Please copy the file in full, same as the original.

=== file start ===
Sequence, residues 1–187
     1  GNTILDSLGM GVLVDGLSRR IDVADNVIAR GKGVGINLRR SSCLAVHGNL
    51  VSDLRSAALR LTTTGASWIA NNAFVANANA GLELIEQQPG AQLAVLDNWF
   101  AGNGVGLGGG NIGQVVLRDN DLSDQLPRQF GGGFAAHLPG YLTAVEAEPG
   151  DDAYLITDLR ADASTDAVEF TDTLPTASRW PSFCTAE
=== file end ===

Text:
Sequence, residues 1–187
     1  GNTILDSLGM GVLVDGLSRR IDVADNVIAR GKGVGINLRR SSCLAVHGNL
    51  VSDLRSAALR LTTTGASWIA NNAFVANANA GLELIEQQPG AQLAVLDNWF
   101  AGNGVGLGGG NIGQVVLRDN DLSDQLPRQF GGGFAAHLPG YLTAVEAEPG
   151  DDAYLITDLR ADASTDAVEF TDTLPTASRW PSFCTAE